Seattle's $275-per-employee "Head Tax" (EHT), which was to be levied against every business with over $20 million in revenue, was repealed on Tuesday by a 7-2 City Council vote. City leaders' abrupt repeal occurred when it became obvious that a referendum effort would gather far more than enough signatures to qualify for the November ballot. In a 1 p.m. Eastern Associated Press dispatch published before the vote, Amazon-obsessed reporter Phuong Le was extraordinarily bitter and hostile.
Both in her coverage of the EHT's passage and its imminent repeal, Le has pushed the myth that Amazon was the predominant source of the tax's original opposition, and then the primary, blackmailing force behind repeal. Anyone following local Seattle coverage of the EHT saga would know that Le's "blame it all on Amazon" spin is untrue.
Le headlined and opened her coverage of the tax's passage in May as follows:
Le wanted readers to believe that this tax was no big deal because only filthy-rich "companies like Amazon" or "businesses such as Amazon and Starbucks" would pay it.
Only in Paragraph 14 did readers finally learn how many companies which are clearly not "like Amazon" or Starbucks would be hit:
The 3 percent figure still grossly understates the impact. Since the tax was projected to raise $48 million per year, affected businesses would have paid the EHT on roughly 175,000 employees. That's far more than 3 percent of Seattle's private-sector workforce.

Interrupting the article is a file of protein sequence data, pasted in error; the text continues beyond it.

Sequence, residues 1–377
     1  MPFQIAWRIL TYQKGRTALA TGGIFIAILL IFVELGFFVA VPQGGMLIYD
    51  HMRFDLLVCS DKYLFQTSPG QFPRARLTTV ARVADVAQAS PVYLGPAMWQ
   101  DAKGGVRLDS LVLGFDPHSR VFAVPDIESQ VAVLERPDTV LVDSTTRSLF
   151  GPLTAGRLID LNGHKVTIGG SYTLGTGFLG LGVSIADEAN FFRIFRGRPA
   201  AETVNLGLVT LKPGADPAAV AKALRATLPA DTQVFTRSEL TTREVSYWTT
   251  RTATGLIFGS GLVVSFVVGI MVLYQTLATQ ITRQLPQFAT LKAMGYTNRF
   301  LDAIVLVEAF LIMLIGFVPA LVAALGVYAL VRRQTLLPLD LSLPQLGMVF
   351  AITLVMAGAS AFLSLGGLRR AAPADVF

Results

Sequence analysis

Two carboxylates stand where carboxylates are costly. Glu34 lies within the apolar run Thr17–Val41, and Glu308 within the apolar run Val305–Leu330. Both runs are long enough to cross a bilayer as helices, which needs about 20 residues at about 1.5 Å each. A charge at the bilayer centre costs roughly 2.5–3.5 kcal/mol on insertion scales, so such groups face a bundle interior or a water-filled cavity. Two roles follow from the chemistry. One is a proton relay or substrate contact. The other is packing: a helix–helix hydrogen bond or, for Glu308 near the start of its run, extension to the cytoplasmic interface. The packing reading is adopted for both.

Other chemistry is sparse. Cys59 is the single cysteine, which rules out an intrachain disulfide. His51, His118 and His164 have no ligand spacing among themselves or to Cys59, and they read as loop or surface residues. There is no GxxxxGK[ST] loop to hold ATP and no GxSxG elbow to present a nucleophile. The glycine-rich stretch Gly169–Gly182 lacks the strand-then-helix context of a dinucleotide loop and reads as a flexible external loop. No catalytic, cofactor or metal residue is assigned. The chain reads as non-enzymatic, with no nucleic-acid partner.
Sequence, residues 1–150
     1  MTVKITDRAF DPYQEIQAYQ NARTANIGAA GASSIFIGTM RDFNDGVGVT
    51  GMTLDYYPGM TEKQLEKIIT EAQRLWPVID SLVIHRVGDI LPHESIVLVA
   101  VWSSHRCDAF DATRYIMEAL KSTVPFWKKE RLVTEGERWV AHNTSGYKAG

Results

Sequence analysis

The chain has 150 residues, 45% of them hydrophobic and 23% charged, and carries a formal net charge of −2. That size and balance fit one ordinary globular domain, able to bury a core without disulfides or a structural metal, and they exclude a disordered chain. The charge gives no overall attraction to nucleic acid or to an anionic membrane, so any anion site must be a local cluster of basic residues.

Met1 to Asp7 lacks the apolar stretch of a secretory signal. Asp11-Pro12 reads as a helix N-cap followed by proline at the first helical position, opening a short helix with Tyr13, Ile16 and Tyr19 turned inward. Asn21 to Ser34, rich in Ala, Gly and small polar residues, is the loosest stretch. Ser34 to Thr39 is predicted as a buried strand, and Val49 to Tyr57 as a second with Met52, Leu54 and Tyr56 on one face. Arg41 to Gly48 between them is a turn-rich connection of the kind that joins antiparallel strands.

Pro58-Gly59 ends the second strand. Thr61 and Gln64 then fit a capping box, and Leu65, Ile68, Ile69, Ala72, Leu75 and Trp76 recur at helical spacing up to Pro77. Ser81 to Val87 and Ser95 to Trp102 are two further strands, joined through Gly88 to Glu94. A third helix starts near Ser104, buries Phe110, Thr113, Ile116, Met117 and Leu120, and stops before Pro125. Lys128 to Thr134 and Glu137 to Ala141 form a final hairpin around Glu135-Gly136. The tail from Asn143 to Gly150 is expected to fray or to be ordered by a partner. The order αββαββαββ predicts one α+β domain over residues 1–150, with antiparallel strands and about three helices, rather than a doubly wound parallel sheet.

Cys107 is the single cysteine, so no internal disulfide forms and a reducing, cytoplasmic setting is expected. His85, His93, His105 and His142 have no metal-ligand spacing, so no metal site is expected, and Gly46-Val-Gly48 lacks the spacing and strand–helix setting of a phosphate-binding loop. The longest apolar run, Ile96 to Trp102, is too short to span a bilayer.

Companies affected by the EHT would have included thin-margin grocery chains and retailers, firms with only a couple of hundred employees, and even the local Seattle Times newspaper, whose editorial board opposed the tax and openly advocated its repeal (while insisting that its position did not influence its news coverage).
As seen above, Le completely failed to describe the nature of the tax. Incredibly, she didn't do so until Paragraph 13.
As to Amazon, a few points:
- Although the company halted a building's construction when the $500 EHT was proposed, it reversed course after the tax's lower level passed.
- After the EHT passed, Amazon said that it was "disappointed by today’s City Council decision to introduce a tax on jobs," while also indicating that the city's "hostile approach and rhetoric toward larger businesses ... forces us to question our growth here." It certainly wasn't alone in that posture.
- Amazon is no corporate saint, but the fact remains that an overwhelming majority of people and companies, even in ultra-liberal Seattle, opposed the tax, including 80 percent of businesses in a pre-passage survey City Council itself was aware of.
- The $25,000 Amazon pledged towards the $300,000 repeal effort was disproportionately low compared to its potential $12 million annual share of the tax.
Le's story headlined Amazon and mentioned it four times in her first four paragraphs (seven times overall). By contrast, the Seattle Times story on the tax's imminent repeal mentioned Amazon just three times in 39 paragraphs.
Cross-posted at BizzyBlog.com.